Virtual water and the cost of production

In this blog, I’m talking a lot about making stuff from scratch or reusing what I already have. One of the reasons for this is that in the past I learned and talked a lot about virtual water.

Virtual water is the water embedded in everything we consume, from food to clothing and even our car. It’s a very powerful approach to understanding the cost of our lifestyle. I want to unpack it a bit here.


Background to virtual water

The idea behind water as virtual water goes back to trade relations. It was developed in an attempt to understand what resources are necessary to participate in international trade. For example, calculating virtual water as part of the textile industry means to look at how much water is used in cotton production. The approach helps to assess which country produces cotton using how much water.

Virtual water is also calculated for importing countries. It shows which countries import how much water with their goods.

Understanding virtual water is important because it highlights where water is taken away from human consumption. It can highlight where economic gain outranks fair water distribution. Modern trade relations pay little attention to natural resources but rather go by the cheapest way of production.

To stay with the example of cotton production, the Aral Sea in Uzbekistan has lost most of its water due to cotton production in the area. Applying a virtual water approach to this case means to assess Uzbek cotton against the loss of livelihoods in the area.

An item’s price at consumers’ end does not reflect the actual cost of production. A cotton t-shirt from Uzbekistan will cost the same amount as a t-shirt with cotton from India. However, by taking a step back and looking at the hidden cost of cotton it becomes apparent that not every t-shirt costs the same.


Calculating virtual water

Calculating the amount of virtual water hidden in a good can be daunting and depends on the levels of production. For example, a t-shirt can be assessed all the way to cotton production OR one can stop at the dyeing process of a t-shirt. It also depends on the means of transport and the number of items produced.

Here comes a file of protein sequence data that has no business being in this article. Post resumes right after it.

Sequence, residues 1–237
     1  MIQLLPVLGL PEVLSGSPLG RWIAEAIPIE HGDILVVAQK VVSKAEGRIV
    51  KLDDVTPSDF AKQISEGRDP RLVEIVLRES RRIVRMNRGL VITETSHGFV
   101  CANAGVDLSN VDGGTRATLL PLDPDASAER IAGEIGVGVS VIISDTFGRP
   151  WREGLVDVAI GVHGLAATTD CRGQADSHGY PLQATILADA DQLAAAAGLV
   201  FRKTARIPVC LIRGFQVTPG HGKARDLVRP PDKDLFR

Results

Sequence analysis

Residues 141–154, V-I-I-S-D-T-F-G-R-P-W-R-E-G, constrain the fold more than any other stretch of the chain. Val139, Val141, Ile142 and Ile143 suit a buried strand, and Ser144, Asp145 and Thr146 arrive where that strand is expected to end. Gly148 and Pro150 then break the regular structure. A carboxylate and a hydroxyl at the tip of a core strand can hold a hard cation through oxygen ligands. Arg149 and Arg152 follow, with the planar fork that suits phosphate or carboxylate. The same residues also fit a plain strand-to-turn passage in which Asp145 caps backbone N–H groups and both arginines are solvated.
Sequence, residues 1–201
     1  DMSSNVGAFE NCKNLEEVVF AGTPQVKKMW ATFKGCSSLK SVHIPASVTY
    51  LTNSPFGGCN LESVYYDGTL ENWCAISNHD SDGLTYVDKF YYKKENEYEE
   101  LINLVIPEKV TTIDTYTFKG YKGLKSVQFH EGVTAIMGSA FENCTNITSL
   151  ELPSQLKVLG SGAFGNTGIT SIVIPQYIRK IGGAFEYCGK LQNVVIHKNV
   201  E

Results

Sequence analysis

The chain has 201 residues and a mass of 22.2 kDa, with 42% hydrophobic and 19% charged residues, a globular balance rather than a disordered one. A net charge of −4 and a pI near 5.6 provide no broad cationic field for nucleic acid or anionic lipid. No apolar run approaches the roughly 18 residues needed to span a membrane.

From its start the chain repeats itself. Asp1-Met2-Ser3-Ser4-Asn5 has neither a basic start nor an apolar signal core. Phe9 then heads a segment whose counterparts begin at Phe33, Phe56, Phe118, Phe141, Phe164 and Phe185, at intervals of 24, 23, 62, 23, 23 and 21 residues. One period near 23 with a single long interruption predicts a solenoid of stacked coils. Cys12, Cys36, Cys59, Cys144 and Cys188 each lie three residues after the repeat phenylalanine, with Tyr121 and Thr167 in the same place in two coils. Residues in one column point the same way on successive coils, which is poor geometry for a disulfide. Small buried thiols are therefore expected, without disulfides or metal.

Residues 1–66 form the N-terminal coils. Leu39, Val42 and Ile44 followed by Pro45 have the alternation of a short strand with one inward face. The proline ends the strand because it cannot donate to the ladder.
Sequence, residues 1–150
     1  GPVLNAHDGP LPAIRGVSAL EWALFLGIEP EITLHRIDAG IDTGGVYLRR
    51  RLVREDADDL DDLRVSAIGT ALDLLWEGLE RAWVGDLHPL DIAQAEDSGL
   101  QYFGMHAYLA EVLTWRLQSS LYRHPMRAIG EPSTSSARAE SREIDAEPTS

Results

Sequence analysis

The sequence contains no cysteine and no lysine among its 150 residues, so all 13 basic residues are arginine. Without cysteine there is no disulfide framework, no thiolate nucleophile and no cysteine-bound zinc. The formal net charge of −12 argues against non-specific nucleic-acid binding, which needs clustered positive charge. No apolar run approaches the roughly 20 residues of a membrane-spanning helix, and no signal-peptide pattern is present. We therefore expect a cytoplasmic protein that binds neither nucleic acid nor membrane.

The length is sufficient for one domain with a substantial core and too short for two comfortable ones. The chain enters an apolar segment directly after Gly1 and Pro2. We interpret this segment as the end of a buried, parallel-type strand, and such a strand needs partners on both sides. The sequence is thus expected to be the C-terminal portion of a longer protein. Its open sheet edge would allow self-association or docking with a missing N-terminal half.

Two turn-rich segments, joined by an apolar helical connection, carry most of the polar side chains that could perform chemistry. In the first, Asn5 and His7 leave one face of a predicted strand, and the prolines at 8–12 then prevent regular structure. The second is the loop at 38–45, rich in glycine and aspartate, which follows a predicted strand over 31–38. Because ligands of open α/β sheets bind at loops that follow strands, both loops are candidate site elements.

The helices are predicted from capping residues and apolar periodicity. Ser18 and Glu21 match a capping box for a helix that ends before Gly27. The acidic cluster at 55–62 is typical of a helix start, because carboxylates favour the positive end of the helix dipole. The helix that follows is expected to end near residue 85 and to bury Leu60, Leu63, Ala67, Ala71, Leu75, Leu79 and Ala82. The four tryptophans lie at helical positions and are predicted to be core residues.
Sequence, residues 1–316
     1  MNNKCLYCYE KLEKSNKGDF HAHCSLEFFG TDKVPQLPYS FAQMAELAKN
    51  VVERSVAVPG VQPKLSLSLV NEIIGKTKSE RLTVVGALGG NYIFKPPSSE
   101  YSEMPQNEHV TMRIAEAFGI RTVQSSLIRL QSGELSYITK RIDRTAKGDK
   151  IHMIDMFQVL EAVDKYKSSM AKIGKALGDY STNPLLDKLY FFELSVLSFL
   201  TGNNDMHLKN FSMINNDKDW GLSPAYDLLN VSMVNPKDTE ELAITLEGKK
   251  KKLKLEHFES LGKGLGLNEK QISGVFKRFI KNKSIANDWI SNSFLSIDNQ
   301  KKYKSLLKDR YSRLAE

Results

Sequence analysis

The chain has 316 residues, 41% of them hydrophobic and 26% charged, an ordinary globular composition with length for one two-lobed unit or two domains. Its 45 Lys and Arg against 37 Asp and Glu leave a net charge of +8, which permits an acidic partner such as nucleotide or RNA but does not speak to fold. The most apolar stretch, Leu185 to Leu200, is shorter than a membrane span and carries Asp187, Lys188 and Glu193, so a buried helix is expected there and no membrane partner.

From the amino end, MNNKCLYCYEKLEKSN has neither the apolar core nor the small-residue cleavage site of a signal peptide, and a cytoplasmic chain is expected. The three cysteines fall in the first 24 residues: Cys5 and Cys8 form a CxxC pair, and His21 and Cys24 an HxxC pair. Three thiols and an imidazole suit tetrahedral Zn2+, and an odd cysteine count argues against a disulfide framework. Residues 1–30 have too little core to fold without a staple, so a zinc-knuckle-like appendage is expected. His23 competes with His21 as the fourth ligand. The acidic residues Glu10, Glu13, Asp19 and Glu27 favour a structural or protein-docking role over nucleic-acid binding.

The food industry is very prominent in calculating virtual water. Every hamburger contains a certain amount of water (about 2.400 litres). Agriculture, in general, is the largest user of fresh water on the planet. A calculation of virtual water of food makes this usage ever more apparent.

However, agriculture is also the most difficult to assess for virtual water. It uses different kinds of water: blue water (which is irrigation water), green water (which is rain water), and grey water (which is waste water). How much water is added into a product is different from how much water a plant or animal naturally receive.


Some examples

To put the virtual water approach into context, some examples of recent calculations:

An orange contains on average 50 litres of water

A cup of coffee contains on average around 130 litres of water.

A t-shirt contains on average 2.500 litres of water

One litre of milk contains on average 1.000 litres of water

A 300g beef steak contains on average 4.500 litres of water

And the list goes on (for more information check the water footprint product gallery)

This list does not say, that all products need exactly that amount of water in their production.

Especially for agricultural product, location is important. If, like the Uzbek cotton example, products are grown in unsuitable regions than the amount of water needed for production is missing from other forms of life. If, however, a steak comes from a water rich area then the virtual water content is not (necessarily) missing from human consumption.


Where to now?

Assessing virtual water footprints of products and goods can be a daunting task, and sometimes next to impossible. I think it’s important to keep in mind that every good we consume has been produced with local resources. For the most part, we cannot know where these local resources are and what effect the production of a certain good has.

My goal, however, is to draw attention to the fact that everything has a hidden price – a price we do not pay at the check-out but one that is paid by someone else.

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